POTD Kawasaki - translating NPB-MLB performance


Q.  Can NPB stats be translated?

A.  They can't, no.  There haven't been enough players come over.  

Translations can't be done in the same way that major league equivalencies (MLE's) have, anyway.  Would we post MLE's if only ten minor leaguers had ever come up?

We remember that Clay Davenport once overhauled BP's translations based on one player -- after Godzilla came over, he ratcheted the estimates way up.  And said so.

With Dr. D's typical great modesty, he announces that this next table will equip YOU to translate NPB-infielder stats about as well as anybody else can do it.

;- )

Here are the four infielders who have come over, plus Ichiro, who is shortstop-sized.  The slash lines represent Dr. D's summaries of how good the guy batted, after he had matured as a hitter.

K. Matsui NPB 320 / 375 / 550
 ... in MLB 290 / 350 / 400
Iguchi NPB 330 / 420 / 550
 ... in MLB 270 / 340 / 400
Iwamura 300 / 380 / 550
... in MLB 270 / 340 / 380
Ichiro 350 / 410 / 535
... in MLB 330 / 380 / 430 (Safeco)
Nishioka 300 / 380 / 450
... in MLB terrible (in first 68 games)

Five previously-played chess positions would be interesting to a master if they were as consistent as these are.  Each one of those first three infielders had exactly the same transition.  They were Nomar Garciaparras in Japan, and exactly MLB-average hitters over here.  Average-solid hitters.

What's fascinating is that these were not only average hitters, but they were average hitters, if you know what I mean.

They hit average-to-good for AVG, they were average for OBP, and mediocre for SLG.  I'm not saying that Matsui, Iguchi, and Iwamura were 100-type hitters.  I'm saying they all represented the MLB slash line, in each category individually.  That's weird.


That indeed gives us a baseline, rule-of-thumb to go on:  your WBC superstar, hitting 300+ / 380 / .550 over there, is going to run you a prototype MLB median slash line.

In fact our mini-database of 10 Japanese hitters kicked back a slash line of .288 / .349 / .412.  About league average, except more contact and less power.  Moderately.  And no, Ichiro and Godzilla weren't all that atypical.  All the NPB stars can hit .270 with decent gap power (or better, in the case of the big two).

Johjima-san was also in this mold, by the way.  His slash line didn't veer far from the MLB slash, in any category.  It's weird, I tell ya.


Two notes:  Kazuo Matsui came to New York City, flopped horribly, and is remembered for that.  But if you check it, the very instant that he left New York, he became a good offensive player.  So suddenly that it reminds you of Miguel Olivo's three hits (IIRC) the game after leaving Seattle on a 132-strikeout streak.

Secondly:  Nishioka-san was nowhere near the NPB hitter that the other guys were.  You might as well compare Nick Swisher to Steve Braun, as to compare Nishioka to these other guys.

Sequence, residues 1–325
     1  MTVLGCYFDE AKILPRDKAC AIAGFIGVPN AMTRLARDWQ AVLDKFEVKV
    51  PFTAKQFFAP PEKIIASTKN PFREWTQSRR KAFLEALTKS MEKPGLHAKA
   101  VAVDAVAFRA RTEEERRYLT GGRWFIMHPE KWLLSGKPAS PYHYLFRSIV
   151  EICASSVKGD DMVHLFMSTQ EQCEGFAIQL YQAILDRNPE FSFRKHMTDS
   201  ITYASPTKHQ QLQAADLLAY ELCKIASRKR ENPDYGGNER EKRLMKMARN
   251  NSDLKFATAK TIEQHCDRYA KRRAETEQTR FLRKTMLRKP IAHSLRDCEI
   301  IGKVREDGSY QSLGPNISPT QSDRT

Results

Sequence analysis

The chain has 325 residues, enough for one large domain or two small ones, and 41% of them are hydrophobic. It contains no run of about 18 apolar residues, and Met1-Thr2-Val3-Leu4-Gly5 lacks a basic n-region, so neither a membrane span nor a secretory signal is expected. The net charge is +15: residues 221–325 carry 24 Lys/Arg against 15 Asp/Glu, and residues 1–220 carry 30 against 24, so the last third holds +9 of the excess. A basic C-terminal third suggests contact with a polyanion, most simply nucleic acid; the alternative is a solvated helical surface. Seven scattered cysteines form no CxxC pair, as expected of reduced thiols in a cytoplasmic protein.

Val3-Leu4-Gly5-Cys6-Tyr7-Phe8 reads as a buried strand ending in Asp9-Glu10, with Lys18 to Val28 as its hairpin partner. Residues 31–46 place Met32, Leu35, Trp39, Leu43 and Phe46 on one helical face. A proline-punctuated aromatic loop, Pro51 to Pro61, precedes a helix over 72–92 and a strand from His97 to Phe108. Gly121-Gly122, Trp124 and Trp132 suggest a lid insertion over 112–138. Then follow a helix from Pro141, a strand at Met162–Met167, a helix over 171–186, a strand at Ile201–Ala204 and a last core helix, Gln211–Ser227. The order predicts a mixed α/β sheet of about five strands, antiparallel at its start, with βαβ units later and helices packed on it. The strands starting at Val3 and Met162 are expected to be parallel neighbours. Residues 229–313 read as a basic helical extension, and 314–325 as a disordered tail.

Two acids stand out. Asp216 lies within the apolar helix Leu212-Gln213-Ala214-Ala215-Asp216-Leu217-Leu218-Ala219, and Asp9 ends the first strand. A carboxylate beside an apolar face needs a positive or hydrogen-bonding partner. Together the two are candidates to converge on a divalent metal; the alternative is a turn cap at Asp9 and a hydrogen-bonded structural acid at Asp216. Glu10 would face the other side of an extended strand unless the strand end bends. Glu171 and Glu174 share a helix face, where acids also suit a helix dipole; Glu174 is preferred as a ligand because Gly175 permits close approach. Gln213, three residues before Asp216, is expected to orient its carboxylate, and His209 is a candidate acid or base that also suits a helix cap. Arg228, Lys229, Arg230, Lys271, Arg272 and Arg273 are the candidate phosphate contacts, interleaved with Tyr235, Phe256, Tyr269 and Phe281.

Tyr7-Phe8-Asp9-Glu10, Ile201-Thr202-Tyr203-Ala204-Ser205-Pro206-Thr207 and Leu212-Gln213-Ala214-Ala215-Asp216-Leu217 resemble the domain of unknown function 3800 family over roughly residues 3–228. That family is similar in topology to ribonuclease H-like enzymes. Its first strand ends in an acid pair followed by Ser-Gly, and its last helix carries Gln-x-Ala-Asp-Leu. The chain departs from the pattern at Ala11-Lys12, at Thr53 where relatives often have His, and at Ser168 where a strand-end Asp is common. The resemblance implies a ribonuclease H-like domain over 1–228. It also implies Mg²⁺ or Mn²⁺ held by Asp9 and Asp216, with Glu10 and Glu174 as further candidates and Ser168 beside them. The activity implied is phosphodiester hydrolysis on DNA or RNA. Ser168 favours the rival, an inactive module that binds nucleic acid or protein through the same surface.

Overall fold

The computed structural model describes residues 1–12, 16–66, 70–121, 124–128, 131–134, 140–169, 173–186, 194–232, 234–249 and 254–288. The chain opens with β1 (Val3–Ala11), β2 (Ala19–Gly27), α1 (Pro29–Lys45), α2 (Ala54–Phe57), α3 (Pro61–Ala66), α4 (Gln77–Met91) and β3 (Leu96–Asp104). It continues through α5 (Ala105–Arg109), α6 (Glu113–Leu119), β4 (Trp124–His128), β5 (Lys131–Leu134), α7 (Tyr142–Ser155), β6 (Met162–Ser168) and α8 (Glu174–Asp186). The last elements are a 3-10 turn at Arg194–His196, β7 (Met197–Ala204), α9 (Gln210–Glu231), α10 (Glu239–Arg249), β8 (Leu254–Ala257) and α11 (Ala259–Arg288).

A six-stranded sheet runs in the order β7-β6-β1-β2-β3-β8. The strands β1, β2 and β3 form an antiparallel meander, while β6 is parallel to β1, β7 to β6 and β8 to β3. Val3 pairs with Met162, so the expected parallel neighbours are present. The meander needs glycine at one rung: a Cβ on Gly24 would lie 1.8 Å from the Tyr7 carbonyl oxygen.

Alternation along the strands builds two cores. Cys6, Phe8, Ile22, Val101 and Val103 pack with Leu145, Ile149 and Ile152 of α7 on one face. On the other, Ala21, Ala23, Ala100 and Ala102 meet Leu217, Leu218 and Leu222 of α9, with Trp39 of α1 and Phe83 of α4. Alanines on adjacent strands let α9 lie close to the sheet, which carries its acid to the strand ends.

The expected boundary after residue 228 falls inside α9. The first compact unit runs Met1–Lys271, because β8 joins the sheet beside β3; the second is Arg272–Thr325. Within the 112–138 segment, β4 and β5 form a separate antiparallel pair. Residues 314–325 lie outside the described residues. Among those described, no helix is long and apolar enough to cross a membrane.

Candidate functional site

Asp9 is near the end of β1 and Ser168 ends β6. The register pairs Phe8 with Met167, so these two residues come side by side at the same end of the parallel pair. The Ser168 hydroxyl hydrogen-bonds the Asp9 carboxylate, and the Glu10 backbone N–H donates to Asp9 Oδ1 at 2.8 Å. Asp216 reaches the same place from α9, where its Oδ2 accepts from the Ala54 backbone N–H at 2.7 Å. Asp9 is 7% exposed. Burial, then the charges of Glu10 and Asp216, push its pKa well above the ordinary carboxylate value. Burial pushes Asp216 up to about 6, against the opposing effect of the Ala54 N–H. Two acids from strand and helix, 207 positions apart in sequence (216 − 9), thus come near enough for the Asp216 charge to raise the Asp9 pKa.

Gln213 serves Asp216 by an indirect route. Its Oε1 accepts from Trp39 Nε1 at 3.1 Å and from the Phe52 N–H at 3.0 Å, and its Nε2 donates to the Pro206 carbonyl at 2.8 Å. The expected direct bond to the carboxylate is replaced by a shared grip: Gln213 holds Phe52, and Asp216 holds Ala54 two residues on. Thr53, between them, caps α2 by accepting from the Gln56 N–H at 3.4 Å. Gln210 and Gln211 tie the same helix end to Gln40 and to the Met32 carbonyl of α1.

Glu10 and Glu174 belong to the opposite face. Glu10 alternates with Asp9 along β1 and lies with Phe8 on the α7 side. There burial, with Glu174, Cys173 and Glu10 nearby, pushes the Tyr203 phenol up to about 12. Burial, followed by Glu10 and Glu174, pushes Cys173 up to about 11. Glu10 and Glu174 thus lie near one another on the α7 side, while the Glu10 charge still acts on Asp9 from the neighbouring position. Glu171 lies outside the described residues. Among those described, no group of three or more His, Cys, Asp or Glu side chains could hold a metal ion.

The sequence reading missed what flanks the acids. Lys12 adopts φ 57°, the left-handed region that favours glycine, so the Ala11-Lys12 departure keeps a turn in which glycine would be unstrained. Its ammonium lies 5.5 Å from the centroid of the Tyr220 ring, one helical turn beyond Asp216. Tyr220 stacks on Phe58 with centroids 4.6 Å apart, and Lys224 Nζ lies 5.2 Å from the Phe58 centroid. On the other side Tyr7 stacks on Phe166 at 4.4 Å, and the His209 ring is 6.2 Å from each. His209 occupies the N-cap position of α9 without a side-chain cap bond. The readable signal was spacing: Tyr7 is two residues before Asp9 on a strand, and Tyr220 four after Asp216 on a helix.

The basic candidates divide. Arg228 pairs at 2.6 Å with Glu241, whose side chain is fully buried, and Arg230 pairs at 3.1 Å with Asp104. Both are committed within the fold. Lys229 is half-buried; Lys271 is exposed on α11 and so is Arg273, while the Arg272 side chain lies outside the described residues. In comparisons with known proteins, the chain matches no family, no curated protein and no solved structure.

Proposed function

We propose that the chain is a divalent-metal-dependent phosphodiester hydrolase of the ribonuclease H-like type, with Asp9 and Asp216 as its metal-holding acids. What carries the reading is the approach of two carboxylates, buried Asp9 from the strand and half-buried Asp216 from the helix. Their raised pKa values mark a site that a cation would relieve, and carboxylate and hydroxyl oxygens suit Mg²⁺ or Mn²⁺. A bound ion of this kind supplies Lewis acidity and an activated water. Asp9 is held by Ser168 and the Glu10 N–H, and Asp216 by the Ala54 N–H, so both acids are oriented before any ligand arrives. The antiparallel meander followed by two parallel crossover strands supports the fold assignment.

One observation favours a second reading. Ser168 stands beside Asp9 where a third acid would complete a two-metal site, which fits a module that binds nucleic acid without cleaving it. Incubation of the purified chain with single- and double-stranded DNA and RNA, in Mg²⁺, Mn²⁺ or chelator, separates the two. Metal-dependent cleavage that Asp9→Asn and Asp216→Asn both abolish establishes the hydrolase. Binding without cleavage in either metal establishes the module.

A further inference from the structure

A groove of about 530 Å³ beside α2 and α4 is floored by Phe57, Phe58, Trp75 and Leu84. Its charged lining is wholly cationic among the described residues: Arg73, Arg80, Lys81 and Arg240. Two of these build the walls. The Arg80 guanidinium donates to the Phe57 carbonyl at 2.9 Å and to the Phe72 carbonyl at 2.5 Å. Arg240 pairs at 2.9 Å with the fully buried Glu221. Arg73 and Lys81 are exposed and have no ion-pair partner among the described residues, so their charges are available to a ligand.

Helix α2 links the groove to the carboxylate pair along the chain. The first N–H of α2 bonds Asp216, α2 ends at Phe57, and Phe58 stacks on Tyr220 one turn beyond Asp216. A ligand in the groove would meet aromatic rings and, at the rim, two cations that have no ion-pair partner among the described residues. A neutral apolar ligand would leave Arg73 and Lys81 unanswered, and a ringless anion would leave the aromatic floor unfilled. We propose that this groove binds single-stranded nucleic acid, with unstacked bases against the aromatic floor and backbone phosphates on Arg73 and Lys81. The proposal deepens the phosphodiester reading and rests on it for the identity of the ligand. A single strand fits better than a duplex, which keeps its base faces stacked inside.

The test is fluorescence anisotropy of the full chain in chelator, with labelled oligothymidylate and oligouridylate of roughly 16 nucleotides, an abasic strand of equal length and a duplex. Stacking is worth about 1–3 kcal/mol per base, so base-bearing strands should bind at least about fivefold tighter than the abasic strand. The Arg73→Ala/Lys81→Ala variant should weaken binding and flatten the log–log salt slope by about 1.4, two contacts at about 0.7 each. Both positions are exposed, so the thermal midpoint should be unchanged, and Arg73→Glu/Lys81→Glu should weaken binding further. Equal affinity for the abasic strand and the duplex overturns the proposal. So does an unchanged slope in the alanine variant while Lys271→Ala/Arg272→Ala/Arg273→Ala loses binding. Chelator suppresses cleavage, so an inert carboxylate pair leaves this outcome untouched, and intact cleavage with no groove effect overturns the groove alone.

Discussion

Q.  Leaving Kawasaki where?

A.  Well, he hits .300 / .350 / .400 in Japan.  So let's say -- pending further info -- that the translations work like this.  We're talking about players with infielder body types:

All-Star hitter in Japan 270 / 340 / 420 in America
Good hitter there (Nishioka) 80 OPS+ guy here
Mediocre there (Kawasaki) You better brace yourself

You'd guess that the scouts are right.  Figure on maybe a .250 with some doubles and some speed.

Klat Categories: 


Taro's picture


Another thing you have to consider is that most times you're getting these guys in their 30s. In most cases, they are in their decline phases and you're not getting that 1.000 OPS NPB guy.

When guys like Iguchi and Johjima went back to the NPB, they started OPSing in the mid-800s.

Also, the level of hitting in general seems to have signficantly declined in recent years in the NPB. There are a few tremendous pitchers, but there is not a single guy I'd be confident in as a plus hitter in the MLB. The late 90s, early 2000s seem to be the peak for NPB hitting talent.

Not only are there no more Ichiro, H.Matsuis, and Ogasawara monster type hitters, but there are no Johjima, Iguchi, Iwamura type hitters anymore either.


And have also had the impression that 1995-2000 was a sort of golden era over there.


The age thing is one reason that Prince Fielder looks attractive to me, by the way.  Saw an Albert Pujols discussion on TV and not only will somebody have to pay 8/$225 to get his age 32-40 seasons, but ... they also have to fret about whether Pujols' age is actually 32 in the first place.


Taro's picture


Yes, and with HGH testing now.. Pujols is a pretty big gamble with HGH regulation and the questions regarding his age. Would definetly stay away now.

Prince seems naturally big to me (who knows though). It really comes down to the terms.


Taro's picture


As for acquiring Kawasaki.. I would offer him a minor league deal. He says he'll take one to play for the Mariners. If hes valuable, you'll control him for a while.

Hes more athletic than Nishioka with a stronger arm, so its possible he could adjust defensively. You could give him some regular time at AAA initially for a feeling out processs.

Offensively, I'm skeptical but there is So Taguchi. Taguchi was basically the OF version of Kawasaki and ended up hitting better in MLB (in his decline phase no less) than he did in the NPB.

If Kawasaki could hit like Taguchi (his upside), he'd be quite valuable. No reason not to at least offer him a minor league deal to see if he can pull it off.



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